Shortly after San Diego State lost to Brigham Young in the Pointsettia Bowl, Escobar announced that he was not returning to school for his senior season and had elected to enter the 2013 NFL Draft. The Mackey Award semi-finalist felt that he had gone as far as he could at the collegiate level. He made the decision after his initial NFL Draft evaluation came back to him saying he would be a third-round pick or higher.

 

As a tight end, Escobar felt it is harder to move up any higher in the draft board, so it made sense to skip his senior season. San Diego State head coach Rocky Long obviously wanted Escobar to stay, but said it is ultimately up to the player, “I never know if it’s a good or bad decision. I let the young man and his family to decide,’ Long said. “I gave him my opinion and want him to make that decision. I told him we wanted him to come back, and the benefits of coming back, but families do a good job of deciding these things.”

 

Escobar is expected to become just the sixth Aztec tight end to ever be drafted by an NFL team and hopes to join Lloyd Edwards (75th pick, third round, 1969 draft by Oakland) and Robert Awalt (62nd choice in the third round of the 1987 draft by the St. Louis Cardinals) as the only San Diego State tight ends to be selected within the top one hundred picks of their respective drafts.

 

Other San Diego State tight ends to hear their names called on draft day were Bill Helms, an 11th round choice by the New York Giants in 1977. He was followed by Don Warren, taken in the fourth round by Washington in 1979, who became a vital weapon in Joe Gibbs’ offensive attack. The last Aztec tight end to be drafted was Ray Rowe in 1992, chosen in the sixth round by the Redskins.

 

 

 

 

CAREER NOTES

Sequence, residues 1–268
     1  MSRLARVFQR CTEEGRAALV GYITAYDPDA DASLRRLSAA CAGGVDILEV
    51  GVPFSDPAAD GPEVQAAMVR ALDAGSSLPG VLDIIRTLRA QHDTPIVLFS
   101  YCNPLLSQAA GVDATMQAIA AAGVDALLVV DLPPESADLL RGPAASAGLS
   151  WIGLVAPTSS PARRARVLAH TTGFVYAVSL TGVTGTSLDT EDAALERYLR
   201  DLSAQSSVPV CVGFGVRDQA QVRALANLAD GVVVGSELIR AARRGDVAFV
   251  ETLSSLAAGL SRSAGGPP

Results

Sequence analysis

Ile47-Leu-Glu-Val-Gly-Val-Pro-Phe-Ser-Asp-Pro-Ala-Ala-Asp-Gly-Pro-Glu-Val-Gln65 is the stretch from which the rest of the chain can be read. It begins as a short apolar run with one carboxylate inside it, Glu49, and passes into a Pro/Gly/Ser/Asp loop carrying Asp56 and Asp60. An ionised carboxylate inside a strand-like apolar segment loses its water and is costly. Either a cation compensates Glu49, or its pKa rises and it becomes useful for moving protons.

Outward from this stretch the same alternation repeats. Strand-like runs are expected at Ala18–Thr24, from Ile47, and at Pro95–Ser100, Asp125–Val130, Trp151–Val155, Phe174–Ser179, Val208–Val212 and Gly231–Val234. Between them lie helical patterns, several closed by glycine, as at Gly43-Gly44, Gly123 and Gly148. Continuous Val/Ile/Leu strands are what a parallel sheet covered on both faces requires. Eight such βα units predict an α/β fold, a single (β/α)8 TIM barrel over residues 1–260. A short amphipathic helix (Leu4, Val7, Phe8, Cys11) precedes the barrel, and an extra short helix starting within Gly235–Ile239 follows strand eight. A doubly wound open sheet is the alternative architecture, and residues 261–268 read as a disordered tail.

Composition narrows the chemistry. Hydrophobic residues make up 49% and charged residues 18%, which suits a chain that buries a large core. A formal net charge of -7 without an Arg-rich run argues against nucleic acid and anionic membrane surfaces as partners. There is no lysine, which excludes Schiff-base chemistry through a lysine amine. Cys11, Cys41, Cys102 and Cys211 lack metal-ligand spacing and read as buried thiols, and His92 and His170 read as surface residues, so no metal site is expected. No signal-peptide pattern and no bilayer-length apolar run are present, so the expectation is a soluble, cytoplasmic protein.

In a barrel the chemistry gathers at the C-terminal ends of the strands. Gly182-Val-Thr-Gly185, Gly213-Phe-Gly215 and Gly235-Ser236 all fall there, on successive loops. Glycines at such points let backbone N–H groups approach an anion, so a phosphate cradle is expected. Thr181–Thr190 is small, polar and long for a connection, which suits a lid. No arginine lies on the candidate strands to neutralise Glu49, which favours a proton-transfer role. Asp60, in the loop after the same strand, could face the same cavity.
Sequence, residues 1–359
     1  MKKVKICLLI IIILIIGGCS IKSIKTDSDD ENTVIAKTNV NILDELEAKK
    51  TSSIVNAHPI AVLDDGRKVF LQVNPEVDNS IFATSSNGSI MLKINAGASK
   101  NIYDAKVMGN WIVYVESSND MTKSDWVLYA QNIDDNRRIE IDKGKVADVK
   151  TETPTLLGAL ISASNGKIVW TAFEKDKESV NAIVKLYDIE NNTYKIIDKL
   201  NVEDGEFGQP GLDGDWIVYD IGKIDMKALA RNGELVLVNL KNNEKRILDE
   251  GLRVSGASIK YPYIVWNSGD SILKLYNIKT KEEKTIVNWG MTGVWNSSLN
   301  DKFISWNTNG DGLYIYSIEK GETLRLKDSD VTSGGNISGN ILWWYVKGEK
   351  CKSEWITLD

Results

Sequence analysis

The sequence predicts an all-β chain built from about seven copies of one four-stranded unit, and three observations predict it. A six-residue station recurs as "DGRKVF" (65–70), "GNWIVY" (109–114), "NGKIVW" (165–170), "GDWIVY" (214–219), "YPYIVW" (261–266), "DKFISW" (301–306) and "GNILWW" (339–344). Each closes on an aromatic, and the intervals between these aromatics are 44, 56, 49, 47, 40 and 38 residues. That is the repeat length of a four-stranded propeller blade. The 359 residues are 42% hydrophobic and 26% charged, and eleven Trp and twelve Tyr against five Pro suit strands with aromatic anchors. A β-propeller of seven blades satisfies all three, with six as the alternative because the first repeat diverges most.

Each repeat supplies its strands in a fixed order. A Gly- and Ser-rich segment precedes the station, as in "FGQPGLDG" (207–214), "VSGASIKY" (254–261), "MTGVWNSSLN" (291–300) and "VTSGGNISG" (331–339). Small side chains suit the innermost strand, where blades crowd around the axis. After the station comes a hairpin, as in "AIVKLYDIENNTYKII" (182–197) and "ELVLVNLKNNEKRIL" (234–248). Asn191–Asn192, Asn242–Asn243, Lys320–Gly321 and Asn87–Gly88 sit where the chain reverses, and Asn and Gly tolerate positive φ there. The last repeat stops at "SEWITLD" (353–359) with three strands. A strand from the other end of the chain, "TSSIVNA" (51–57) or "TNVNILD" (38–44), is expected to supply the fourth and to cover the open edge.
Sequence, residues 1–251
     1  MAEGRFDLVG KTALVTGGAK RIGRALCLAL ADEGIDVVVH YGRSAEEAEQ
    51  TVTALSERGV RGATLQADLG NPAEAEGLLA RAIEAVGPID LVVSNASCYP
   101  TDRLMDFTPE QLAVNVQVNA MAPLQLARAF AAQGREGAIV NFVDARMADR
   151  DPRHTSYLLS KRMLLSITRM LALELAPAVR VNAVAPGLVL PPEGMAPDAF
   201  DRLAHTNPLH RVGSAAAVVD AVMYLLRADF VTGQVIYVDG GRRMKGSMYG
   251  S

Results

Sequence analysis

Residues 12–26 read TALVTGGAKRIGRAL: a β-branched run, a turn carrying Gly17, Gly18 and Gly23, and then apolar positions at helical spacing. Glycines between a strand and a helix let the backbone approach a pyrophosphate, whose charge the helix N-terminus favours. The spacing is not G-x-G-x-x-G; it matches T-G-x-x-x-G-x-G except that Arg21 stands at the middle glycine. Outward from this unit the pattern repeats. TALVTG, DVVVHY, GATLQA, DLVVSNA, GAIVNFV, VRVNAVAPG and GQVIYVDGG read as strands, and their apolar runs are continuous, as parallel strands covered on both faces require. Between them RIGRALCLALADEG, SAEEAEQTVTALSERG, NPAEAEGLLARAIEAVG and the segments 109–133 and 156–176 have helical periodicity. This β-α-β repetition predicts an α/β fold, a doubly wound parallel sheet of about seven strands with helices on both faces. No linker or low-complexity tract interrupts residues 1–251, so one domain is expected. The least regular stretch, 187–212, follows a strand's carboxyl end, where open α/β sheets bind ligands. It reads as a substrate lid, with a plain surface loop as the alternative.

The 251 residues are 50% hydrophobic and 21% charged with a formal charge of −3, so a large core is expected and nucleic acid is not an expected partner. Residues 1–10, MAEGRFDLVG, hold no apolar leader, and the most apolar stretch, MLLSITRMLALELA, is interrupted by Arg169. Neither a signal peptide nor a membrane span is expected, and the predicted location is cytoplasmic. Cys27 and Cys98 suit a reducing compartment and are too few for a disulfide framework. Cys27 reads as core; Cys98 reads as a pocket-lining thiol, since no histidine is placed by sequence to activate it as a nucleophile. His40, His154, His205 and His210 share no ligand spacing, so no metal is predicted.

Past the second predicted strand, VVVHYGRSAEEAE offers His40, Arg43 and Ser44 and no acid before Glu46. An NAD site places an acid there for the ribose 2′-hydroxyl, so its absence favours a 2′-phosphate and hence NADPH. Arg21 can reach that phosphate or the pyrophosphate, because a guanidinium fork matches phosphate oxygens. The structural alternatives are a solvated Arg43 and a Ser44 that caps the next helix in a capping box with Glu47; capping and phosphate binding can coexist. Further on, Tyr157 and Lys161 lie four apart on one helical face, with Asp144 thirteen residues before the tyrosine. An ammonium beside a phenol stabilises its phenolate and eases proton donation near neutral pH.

Escobar started 23-of-39 games at San Diego State, tying Webster Slaughter (1984-85) for 16th on the school career-record chart with 122 receptions…Escobar generated 1,646 receiving yards, an average of 13.49 yards per catch, as his seventeen touchdown catches placed eleventh on the school all-time record chart…Became just the 26th player in school history to register 100 receptions during a career, as his final totals are topped by only  Tim Delaney (180 catches for 2,535 yards and 22 touchdowns; 1968-70) among San Diego State tight ends.

 

2012 SEASON

Escobar earned All-American honorable mention from The NFL Draft Report (that scouting information service also listed him as the player with the highest upside among players at his position eligible for the draft) and Pro Football Weekly…Received All-Mountain West Conference recognition for the third consecutive year and was a semi-finalist for the Mackey Award, given to the nation’s top tight end…Also named to the Lombardi Award Watch List, presented to the nation’s top college lineman or linebacker each year by The Rotary Club of Houston…Helped lead a second half surge that saw the Aztecs win each of their final seven regular season games before losing to Brigham Young in the Poinsettia Bowl, as the junior started six of the thirteen games he appeared in…The Aztecs finished with a 9-4 record, but ranked just 103rd among 120 major colleges with an average of 175.92 yards passing per game…Escobar led the team with 42 receptions, as he had 66 balls targeted to him (caught 63.64%), good for 543 yards (12.93 ypc), the fourth-most yards gained by an Aztec tight end in a season, topped by his own 780 yards in 2011,